Tag Archives: Problem of Evil

A Study in Empathy . . . Poor Paul

I just wanted to share this comic image here, after it’s languished in my files for a while.  I hope you get a laugh out of it if you haven’t seen it before.  When I first saw it, I couldn’t stop laughing for some time.  =D

Paul's Thorn (Redjaw Cartoons version).
Paul’s Thorn (Redjaw Cartoons version).

Thoughts and Counter Thoughts on “30-Second Philosophies”

30-Second Philosophies
30-Second Philosophies

For a well-organized and concise presentation of 50 philosophical ideas, 30-Second Philosophies: The 50 most Though-provoking philosophies, each explained in half a minute is worth reading and having around for a quick review and a handy reference (for Christians too).  The title is more of a catchy, rather than an accurate, description of the book.  The “30-second explanations” can take more than that time to read, of course–if you’re thinking about what you read–and there are side notes to expand on the explanations.  In addition, for each section in the book there is both a glossary and a profile of the chosen exemplary philosopher.   There is some introductory material and a resources section in the back as well.

It is very nice indeed that the book is divided into subject sections, instead of the philosophies being presented in either a chronological or alphabetical list.  The sections are:  “Language & Logic,” “Science & Epistemology,” “Mind & Metaphysics,” “Ethics & Political Philosophy,” “Religion,” “Grand Moments,” and “Continental philosophy.”

Seeing as this blog is to view things from a Christian perspective, I will opine on the “Religion” section.  “30-Second Philosophies” may be a good book for a Christian to have as a basic learning tool and reference, but it is not friendly to Christian beliefs.  This is no surprise, since most philosophers today are materialistic* in their beliefs and thinking (Hasker 2006).  In this section Thomas Aquinas is profiled and the following philosophies are presented:  “Aquinas’ five ways,” “Anselm’s ontological argument,” “Epicurus’ riddle,” “Paley’s watchmaker,” “Pascal’s wager,” and “Hume against miracles.”

As might be assumed, ending the religion section with an (old) argument against a major theology isn’t a good sign toward a positive view of Christian philosophy and thought.  Each of the sections negatively criticizes Christian philosophers and theological ideas; for example, the author(s) makes a flat-out claim that the ontological argument is false, and elsewhere implies that God is false or silly since He didn’t make us all simply virtuous.  The “obvious solution” of making us only virtuous would have meant no problem of evil would have sprung up.  Here the author ignores the concept of actual free-willed beings, since in materialism there can be no true free will.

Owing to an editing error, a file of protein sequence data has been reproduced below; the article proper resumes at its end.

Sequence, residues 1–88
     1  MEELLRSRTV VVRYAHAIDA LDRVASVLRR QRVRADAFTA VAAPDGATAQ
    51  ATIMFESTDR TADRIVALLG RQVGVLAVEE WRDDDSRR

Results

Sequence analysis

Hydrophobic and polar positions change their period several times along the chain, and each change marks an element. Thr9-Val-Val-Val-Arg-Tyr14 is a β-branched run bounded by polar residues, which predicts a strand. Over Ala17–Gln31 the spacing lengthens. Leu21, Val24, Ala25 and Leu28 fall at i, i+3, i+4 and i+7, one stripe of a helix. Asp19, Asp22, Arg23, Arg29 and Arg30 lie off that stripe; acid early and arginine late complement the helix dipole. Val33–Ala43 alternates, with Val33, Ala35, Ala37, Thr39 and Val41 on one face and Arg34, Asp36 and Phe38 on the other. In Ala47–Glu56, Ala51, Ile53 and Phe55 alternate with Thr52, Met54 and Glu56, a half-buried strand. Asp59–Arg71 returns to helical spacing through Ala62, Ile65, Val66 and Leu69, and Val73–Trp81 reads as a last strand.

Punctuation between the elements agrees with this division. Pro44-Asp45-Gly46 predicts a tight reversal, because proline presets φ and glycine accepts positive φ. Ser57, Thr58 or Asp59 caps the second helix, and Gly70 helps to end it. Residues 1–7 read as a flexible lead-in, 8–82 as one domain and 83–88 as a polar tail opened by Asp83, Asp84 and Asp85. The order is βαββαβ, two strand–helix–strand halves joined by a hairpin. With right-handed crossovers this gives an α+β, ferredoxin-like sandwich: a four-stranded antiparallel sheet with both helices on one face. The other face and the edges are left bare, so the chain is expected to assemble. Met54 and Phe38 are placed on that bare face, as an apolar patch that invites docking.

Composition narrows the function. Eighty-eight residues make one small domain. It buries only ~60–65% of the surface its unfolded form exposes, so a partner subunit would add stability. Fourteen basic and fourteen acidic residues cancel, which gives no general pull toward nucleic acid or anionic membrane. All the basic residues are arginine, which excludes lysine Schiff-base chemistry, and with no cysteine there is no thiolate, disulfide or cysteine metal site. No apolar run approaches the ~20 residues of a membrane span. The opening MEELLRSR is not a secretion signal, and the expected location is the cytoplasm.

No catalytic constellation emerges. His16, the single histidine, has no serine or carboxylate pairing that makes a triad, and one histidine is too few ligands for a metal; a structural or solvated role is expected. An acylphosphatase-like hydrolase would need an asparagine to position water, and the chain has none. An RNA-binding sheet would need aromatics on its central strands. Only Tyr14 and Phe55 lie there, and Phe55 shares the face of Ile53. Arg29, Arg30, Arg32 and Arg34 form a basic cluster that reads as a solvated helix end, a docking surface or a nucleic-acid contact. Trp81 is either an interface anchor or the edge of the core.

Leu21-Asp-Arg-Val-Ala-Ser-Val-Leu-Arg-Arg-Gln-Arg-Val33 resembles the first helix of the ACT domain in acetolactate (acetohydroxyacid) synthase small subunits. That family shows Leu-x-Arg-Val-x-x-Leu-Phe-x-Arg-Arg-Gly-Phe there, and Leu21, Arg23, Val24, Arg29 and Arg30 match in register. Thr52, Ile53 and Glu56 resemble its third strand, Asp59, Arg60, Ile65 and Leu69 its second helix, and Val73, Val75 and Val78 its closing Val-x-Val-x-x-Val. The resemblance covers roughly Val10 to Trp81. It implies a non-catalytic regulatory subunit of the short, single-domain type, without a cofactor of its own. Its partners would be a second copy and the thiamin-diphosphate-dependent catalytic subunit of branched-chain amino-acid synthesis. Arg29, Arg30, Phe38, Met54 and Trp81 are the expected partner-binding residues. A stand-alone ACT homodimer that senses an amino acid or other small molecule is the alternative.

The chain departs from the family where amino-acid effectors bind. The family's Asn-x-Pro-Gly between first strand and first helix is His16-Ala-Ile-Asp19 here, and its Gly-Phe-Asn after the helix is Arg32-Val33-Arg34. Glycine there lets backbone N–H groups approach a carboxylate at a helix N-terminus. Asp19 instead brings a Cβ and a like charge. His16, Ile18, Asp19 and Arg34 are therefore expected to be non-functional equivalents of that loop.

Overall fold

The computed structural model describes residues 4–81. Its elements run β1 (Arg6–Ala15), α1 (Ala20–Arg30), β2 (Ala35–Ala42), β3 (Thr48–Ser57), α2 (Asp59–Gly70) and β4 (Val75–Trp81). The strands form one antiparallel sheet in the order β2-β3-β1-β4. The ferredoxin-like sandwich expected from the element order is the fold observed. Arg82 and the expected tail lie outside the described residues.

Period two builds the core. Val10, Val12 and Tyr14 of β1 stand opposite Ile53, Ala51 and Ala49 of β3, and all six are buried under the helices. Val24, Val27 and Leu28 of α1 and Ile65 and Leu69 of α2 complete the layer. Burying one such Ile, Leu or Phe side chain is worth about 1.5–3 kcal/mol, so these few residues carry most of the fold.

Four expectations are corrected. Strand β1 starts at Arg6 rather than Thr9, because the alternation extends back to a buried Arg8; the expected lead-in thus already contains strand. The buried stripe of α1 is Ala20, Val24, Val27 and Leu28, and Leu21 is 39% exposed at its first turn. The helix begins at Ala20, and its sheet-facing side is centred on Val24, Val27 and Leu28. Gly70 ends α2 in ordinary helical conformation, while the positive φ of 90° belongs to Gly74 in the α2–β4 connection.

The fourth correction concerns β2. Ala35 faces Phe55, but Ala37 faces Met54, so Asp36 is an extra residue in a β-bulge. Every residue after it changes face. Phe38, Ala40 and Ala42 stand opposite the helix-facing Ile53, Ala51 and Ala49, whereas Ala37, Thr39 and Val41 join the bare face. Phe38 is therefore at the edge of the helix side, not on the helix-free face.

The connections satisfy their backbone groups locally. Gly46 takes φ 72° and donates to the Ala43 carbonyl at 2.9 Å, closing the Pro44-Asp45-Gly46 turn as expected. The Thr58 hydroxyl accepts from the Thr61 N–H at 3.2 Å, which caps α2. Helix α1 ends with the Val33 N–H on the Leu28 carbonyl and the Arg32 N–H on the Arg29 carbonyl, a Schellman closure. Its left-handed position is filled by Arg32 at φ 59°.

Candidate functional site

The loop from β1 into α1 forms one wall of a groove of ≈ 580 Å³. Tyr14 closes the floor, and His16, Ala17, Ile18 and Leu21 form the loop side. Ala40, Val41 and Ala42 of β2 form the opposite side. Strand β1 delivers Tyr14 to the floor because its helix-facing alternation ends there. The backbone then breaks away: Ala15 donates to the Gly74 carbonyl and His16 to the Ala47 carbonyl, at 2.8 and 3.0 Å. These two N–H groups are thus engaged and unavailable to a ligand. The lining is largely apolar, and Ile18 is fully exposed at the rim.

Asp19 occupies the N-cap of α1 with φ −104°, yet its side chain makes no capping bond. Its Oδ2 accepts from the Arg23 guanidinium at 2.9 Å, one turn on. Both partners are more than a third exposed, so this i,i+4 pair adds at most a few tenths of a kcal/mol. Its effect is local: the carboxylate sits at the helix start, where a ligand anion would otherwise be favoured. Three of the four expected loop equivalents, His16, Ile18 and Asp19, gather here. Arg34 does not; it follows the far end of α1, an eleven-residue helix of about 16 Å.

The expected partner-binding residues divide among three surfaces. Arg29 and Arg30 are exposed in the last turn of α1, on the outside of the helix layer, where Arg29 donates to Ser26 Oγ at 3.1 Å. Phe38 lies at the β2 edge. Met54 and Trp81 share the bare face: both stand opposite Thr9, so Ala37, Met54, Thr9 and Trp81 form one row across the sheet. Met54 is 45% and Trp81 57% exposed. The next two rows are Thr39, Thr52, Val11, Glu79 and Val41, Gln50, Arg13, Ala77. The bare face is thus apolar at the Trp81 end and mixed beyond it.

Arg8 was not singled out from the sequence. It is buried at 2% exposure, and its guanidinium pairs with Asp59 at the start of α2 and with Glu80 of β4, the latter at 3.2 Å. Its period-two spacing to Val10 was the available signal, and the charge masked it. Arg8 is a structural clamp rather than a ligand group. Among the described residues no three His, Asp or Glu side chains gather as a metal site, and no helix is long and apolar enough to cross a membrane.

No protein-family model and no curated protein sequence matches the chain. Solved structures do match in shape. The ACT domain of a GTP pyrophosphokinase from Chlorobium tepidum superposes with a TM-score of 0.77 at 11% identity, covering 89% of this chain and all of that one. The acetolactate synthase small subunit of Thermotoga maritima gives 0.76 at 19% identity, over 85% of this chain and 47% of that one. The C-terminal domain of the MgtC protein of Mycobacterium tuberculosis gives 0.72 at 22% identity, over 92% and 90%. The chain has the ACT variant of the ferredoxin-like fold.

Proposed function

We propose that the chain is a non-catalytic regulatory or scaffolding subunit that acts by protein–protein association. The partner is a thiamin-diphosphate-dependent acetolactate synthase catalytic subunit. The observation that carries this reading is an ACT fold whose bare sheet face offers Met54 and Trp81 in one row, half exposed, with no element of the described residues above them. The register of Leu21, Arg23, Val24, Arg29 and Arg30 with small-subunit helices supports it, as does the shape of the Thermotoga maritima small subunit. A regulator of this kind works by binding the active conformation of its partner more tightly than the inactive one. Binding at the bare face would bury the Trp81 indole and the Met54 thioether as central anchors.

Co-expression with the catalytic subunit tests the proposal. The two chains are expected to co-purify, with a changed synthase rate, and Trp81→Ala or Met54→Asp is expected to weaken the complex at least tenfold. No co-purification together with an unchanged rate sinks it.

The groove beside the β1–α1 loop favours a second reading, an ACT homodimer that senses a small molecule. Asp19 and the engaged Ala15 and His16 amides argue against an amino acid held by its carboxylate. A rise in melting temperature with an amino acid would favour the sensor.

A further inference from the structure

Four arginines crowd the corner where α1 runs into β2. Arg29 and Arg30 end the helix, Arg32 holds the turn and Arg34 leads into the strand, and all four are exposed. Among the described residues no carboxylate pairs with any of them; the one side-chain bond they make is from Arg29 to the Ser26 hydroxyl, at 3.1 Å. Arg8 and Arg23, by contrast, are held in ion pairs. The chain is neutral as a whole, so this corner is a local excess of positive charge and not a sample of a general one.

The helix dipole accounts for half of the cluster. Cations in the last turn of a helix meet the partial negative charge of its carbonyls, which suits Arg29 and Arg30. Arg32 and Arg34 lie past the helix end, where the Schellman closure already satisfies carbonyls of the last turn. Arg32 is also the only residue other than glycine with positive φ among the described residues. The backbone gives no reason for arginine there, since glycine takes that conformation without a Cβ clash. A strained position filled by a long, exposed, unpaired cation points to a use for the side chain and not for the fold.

Regarding the Ontological Argument, please see the Sennett/Plantinga source below, which contains a chapter on the argument.  In that chapter (which is basically reproduced here), Plantinga goes through the history of the argument and provides a final and valid restatement of it (Plantinga is a professor of philosophy emeritus at The University of Notre Dame).  Secondly, regarding the problem of evil, the reader might like to view the William Lane Craig article provided in the Sources and Recommendations section.  There is no shortage of Christian writings on this subject, since, as Craig wrote,

“The problem of evil is certainly the greatest obstacle to belief in the existence of God. When I ponder both the extent and depth of suffering in the world, whether due to man’s inhumanity to man or to natural disasters, then I must confess that I find it hard to believe that God exists. No doubt many of you have felt the same way.”

I did not write of all the criticisms the authors had for Christian philosophy in “30-Second Philosophies,” but you are encouraged to check them out and seek the answers.  If you can imagine someone picking up this book and only reading the summary explanations and criticisms, then you will get an idea of what the average person or student thinks.  You can find this level of knowledge and thinking all over the internet (and no doubt in our more physical interactions), and it would behoove us to know more and have legitimate and current counter arguments and answers.

* This link will lead you to a subscriber view only article.  To see the whole article without being a subscriber, do a browser search and click on the link for “What is Materialism?” by Michael Philips.

Sources and Recommendations

Beilby, James K., editor, For Faith and Clarity: Philosophical Contributions to Christian Theology  (BakerAcademic 2006).

Craig, William Lane.  “The Problem of Evil,” at Reasonable Faith.

Evangelical Philosophical Society (and Philosophia Christi).

Evolution News & Views

Hasker, William.  “Philosophical Contributions to Theological Anthropology,” in For Faith and Clarity (Beilby 243-260).

Kreeft, Peter J.  “C.S. Lewis’s Argument from Desire,” in G.K. Chesterton and C.S. Lewis: The Riddle of Joy (William B. Eerdmans Pub. Co. 1989, 249-272).

Sennett, James F., editor, The Analytic Theist: an Alvin Plantinga reader (William B. Eerdmans Pub. Co. 1998).

God’s Compassion: the Ninevites and the Canaanites

Adad Gate, Nineveh (northern Iraq). Partial reconstruction of one of the 15 gates into ancient Nineveh.

“The atheist has it almost right: humans regularly do make gods in their image.  Yet the biblical God isn’t the kind we make up.  He refuses to be manipulated by human schemes.  He makes us all—including his true devotees—uncomfortable, which in the end is what we truly need to overcome our self-centeredness.  ‘Whoever wishes to save his life will lose it; but whoever loses his life for My sake will find it’ Matt. 16:25)” (Copan p 193).